When John Cullum first received the script to Urinetown The Musical, it made him angry. "I was almost cursing," he recalls. But the two-time Tony Award winner--for Shenandoah (1975) and On the Twentieth Century (1978)--soon changed his mind. "If a script can provoke that kind of a reaction," he realized, "it means that something is working."
Cullum plays Caldwell B. Cladwell, the proprietor of Urine Good Company, a firm that controls the public lavatories in a large metropolitan city ravaged by drought. Private toilets have been banned, and the greed-driven company keeps jacking up the prices for the privilege to pee. The show skewers the totalitarian mindset as well as the anything-goes tactics of revolutionary anarchists. "It's an up-to-date satire," says Cullum. "It's about us."
The satire goes beyond the play's subject matter, which the press materials acknowledge as "an appalling notion, fully realized." Written by Greg Kotis and Mark Hollmann, the show also functions as a parody of other musicals, with winks and nods toward works like West Side Story, Les Misérables, and Fosse. Concidentally, Urinetown enters into a theatrical season that already includes Bat Boy and The Producers, two other musicals that are parodies of musicals to one degree or another. Asked why this seems to be a trend of late, Cullum replies that he thinks it has to do with the success of Broadway musical revivals. "Younger writers have seen how effective old-fashioned musicals are," he ventures. "People who want to make a new statement have learned to use the old techniques to suck us in."
However, it's one thing to simply ape successful musicals of the past; it's an entirely different matter to create a parody that says something meaningful on its own. Cullum believes that Urinetown achieves this. "John Rando, who directed the production, was constantly selling us [the actors] on the seriousness of the piece," he says. "John made us go full throttle and believe in the material, in order to make it real and give it an energy that you can push further without it becoming shtick."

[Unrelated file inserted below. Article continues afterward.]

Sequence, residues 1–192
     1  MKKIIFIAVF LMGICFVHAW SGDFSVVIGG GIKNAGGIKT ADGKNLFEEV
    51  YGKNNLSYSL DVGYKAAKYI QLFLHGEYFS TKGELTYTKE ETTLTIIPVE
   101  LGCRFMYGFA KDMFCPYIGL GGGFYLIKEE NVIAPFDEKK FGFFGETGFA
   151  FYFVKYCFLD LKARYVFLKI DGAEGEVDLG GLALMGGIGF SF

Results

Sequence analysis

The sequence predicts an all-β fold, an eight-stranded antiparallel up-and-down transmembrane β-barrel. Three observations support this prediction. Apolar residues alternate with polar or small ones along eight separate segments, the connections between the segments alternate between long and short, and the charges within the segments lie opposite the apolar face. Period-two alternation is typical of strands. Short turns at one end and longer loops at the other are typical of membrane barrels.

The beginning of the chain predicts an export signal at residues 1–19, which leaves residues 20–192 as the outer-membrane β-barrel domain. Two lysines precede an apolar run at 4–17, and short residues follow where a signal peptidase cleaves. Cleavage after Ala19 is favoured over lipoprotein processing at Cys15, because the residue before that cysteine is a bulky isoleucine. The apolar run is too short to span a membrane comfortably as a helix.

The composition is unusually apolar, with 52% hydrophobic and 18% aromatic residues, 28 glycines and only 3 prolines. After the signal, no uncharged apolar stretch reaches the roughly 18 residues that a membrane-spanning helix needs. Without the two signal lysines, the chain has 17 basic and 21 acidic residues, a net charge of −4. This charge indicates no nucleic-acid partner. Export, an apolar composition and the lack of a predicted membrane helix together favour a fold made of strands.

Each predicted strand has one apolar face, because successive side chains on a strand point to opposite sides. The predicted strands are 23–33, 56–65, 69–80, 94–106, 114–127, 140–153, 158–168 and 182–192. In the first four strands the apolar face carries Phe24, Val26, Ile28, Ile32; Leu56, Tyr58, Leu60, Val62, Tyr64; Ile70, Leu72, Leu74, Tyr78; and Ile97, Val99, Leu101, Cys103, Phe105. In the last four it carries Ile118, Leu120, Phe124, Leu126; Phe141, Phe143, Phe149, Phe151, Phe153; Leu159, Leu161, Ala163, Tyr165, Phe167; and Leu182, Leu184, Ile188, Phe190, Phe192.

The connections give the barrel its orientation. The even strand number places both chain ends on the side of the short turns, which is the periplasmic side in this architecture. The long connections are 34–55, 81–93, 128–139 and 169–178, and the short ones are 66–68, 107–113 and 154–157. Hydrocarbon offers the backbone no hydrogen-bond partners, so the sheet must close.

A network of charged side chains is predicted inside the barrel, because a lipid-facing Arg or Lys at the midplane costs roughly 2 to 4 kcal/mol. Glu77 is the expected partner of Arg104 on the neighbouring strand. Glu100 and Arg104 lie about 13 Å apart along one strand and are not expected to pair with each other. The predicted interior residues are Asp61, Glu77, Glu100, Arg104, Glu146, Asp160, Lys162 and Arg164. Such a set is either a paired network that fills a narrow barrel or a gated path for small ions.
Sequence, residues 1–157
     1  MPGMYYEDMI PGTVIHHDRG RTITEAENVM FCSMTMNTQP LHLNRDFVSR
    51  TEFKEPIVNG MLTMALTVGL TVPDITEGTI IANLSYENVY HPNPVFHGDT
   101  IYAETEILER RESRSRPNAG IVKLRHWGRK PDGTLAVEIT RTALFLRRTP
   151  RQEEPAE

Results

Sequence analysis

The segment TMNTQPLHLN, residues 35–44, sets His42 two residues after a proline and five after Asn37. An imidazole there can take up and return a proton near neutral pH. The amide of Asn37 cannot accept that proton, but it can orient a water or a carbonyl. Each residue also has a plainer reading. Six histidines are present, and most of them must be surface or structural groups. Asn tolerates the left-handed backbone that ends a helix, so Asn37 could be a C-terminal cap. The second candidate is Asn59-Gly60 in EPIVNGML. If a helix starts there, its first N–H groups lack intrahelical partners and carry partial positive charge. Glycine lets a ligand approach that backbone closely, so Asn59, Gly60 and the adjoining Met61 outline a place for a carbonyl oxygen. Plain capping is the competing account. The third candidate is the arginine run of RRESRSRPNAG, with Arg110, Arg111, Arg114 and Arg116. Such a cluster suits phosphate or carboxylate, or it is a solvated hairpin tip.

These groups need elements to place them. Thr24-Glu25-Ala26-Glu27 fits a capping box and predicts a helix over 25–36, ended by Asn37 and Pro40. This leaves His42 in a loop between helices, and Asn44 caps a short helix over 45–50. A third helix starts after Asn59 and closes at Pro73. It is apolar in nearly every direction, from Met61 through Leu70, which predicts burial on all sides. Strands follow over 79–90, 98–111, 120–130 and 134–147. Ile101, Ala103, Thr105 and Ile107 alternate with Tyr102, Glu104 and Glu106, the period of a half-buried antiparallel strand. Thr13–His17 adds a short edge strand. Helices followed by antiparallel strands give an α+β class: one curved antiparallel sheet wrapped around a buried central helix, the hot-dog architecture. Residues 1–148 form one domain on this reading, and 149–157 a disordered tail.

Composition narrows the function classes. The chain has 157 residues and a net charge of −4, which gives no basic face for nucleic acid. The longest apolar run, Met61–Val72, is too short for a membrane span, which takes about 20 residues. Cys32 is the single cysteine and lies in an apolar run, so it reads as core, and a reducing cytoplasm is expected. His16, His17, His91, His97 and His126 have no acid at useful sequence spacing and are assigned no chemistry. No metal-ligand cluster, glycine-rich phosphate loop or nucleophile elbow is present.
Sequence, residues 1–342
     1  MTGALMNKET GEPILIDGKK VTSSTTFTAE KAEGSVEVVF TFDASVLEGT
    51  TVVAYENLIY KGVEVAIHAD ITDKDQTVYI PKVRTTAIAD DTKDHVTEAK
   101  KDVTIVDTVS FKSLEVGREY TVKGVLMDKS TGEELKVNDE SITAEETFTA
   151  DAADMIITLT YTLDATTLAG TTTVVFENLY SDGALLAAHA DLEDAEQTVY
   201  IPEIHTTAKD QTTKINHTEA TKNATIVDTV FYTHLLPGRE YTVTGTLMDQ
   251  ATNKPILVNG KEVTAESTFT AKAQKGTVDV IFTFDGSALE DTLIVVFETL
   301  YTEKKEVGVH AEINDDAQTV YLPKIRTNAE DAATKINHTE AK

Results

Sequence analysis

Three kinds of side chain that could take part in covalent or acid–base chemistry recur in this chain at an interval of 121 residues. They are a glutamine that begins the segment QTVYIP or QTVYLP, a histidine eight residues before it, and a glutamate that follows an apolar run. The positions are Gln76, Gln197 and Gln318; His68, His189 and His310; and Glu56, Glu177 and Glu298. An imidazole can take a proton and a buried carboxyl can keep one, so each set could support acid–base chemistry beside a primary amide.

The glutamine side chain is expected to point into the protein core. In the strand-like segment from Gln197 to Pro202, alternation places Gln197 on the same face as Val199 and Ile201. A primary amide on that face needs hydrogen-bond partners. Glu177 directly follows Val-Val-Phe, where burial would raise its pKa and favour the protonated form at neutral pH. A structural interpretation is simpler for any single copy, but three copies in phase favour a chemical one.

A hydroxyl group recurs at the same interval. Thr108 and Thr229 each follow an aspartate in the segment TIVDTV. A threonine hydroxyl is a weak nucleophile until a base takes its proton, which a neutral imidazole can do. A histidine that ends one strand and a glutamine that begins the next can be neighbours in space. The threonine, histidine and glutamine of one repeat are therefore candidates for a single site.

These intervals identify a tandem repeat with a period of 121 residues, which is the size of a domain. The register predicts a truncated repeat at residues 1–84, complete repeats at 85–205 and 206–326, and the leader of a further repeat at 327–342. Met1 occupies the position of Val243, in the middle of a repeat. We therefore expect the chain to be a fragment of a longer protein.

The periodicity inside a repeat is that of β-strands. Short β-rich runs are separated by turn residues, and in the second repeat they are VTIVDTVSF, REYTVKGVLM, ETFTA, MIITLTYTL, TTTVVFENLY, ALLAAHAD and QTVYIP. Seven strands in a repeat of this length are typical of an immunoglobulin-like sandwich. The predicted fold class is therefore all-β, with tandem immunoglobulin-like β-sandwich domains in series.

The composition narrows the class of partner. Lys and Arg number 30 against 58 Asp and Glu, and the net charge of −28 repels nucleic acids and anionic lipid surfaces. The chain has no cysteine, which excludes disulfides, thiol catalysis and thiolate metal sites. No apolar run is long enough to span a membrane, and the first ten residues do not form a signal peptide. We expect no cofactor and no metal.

Cullum has nothing but compliments for his fellow cast members, whom he believes are some of the finest he's worked with. This is high praise from someone with a career as illustrious as Cullum's. In his younger days, the actor performed in plays by Shakespeare, Shaw, and Moliere. His first major break came when he understudied Richard Burton as King Arthur in the original Broadway production of Camelot; watching the legendary Burton create that part remains one of Cullum's fondest memories. He has also starred in many non-musicals, including the Roundabout Theatre Company's 50th anniversary revival of Arthur Miller's All My Sons and, most recently the world premiere of Wendy Wasserstein's Old Money at Lincoln Center.
Still, despite his extensive stage credits, lots of people know Cullum best from his TV role of Holling Vincoeur, the bartender on Northern Exposure. Even his fellow actors on that series were unaware of the veteran actor's stage resumé. "When I started, no one knew that I had won two Tonys," says Cullum. "Out there, it's all about how much exposure you've had in TV and film."
After six years on that show, Cullum was ready to return to the stage; he told his agent, "The next thing I want to be in is a big musical!" He was subsequently cast as Cap'n Andy in Show Boat, replacing John McMartin in Hal Prince's Broadway revival of the Kern-Hammerstein classic. But that part didn't require much singing, whereas his role in Urinetown gives him the opportunity to more fully display his vocal talents. He's even got a bit of dancing to do in the show.
"I recently saw Fosse," Cullum remarks. As a result, he claims to have altered some of his Urinetown choreography: "I added a pelvic thrust."
Don't show this again.